Pizzly Bears Exist — And They're More Common Than You Might Think
The more you know 🐻
If you’ve ever wondered what would happen if a grizzly bear and a polar bear had cubs, you’re in luck! Scientists recently discovered a “pizzly bear” hybrid, and they’re popping up more and more frequently.
According to Live Science, “pizzly bears'' or “grolers” — who take on attributes from both their polar and grizzly bear parents — have become more common due to climate change. When polar bears travel into regions where grizzly bears live, it can affect the way they mate and who they choose to couple up with.
"Usually hybrids aren't better suited to their environments than their parents, but there is a possibility that these hybrids might be able to forage for a broader range of food sources," Larisa DeSantis, a paleontologist and associate professor of biological sciences at Vanderbilt University in Tennessee, told Live Science.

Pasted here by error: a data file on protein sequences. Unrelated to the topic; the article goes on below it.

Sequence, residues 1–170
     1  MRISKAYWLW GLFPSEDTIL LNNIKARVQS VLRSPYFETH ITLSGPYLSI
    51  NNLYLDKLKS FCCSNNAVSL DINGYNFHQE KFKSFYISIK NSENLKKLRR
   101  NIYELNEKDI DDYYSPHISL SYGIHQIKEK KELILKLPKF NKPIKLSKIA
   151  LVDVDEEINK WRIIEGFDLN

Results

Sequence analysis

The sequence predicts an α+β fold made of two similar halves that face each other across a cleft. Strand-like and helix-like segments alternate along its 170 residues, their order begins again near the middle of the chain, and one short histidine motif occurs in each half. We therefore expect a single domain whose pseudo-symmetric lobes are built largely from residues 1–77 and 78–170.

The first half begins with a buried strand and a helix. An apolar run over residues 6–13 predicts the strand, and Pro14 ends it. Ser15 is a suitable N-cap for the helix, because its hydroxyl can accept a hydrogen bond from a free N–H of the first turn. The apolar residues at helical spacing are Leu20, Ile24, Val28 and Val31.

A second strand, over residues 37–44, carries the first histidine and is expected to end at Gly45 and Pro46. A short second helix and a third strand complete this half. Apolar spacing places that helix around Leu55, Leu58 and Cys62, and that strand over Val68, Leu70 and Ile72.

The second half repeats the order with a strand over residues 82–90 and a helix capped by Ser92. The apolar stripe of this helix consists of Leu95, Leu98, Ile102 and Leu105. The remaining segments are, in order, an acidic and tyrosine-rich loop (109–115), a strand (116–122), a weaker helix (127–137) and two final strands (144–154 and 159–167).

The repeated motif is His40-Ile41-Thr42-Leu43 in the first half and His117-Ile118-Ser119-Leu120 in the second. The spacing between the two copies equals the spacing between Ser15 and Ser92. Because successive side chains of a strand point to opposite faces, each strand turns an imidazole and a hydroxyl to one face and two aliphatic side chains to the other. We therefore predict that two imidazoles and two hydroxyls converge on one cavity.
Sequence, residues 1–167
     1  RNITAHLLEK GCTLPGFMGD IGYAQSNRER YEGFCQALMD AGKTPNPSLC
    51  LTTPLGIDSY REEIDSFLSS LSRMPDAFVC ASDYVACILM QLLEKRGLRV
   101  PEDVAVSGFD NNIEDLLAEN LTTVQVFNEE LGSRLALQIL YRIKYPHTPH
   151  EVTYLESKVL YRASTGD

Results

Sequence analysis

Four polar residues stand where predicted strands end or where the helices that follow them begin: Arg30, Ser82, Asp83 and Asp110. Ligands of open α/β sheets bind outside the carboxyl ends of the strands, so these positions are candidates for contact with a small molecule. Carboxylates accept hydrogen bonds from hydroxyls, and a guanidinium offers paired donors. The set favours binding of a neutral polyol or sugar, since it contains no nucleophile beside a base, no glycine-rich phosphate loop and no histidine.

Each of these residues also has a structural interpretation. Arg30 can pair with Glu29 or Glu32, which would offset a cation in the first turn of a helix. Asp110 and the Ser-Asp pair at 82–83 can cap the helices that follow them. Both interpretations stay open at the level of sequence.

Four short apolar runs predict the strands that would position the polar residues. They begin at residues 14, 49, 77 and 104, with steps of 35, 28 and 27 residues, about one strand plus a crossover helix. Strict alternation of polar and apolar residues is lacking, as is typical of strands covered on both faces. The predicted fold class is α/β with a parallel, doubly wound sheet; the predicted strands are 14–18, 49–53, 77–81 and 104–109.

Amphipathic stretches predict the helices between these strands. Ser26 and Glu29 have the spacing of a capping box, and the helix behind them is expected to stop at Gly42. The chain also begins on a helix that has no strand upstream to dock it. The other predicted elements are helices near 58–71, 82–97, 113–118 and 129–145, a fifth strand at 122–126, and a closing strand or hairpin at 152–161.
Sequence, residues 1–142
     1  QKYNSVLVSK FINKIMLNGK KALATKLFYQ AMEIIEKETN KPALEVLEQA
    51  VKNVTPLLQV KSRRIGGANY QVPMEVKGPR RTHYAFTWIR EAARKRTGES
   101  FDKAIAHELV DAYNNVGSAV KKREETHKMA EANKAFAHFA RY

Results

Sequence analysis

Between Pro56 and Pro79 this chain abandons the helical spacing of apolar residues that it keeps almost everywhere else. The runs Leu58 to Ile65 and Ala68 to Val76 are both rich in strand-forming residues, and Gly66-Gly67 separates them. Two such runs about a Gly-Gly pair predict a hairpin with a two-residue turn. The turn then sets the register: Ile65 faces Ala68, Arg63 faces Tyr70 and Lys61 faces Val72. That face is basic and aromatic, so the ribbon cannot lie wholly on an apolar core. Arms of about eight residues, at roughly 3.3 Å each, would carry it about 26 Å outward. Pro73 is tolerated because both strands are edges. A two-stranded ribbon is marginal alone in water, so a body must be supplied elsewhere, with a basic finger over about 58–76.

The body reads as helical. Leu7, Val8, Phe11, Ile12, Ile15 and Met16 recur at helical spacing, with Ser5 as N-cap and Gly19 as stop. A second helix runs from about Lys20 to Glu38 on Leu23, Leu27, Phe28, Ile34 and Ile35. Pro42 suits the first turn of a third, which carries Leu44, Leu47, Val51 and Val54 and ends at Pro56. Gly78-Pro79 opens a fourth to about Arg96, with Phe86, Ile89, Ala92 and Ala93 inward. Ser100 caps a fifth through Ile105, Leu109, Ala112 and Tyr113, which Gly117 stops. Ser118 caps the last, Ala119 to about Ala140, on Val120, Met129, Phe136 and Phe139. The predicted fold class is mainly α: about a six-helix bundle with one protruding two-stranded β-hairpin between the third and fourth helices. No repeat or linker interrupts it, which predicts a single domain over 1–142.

First sightings of this magnificent animal began in 2006 in the Canadian Arctic when a man spotted a “pizzly” with the "white fur of a polar bear but the long claws, humped back, shallow face and brown patches of a grizzly.” Since then, the exact number in the wild remains unknown, but the population is growing, according to scientists who study the new hybrid.
"Apex predators help stabilize ecosystems, and looking forward I really hope the Arctic still has a polar bear,” DeSantis said. “But, with that all being said, could the pizzly allow for bears to continue to exist in intermediate regions of the Arctic? Possibly, yes. That's why we need to continue to study them."
With so many changes to grizzly and polar bear environments, “pizzlys” could be here to stay.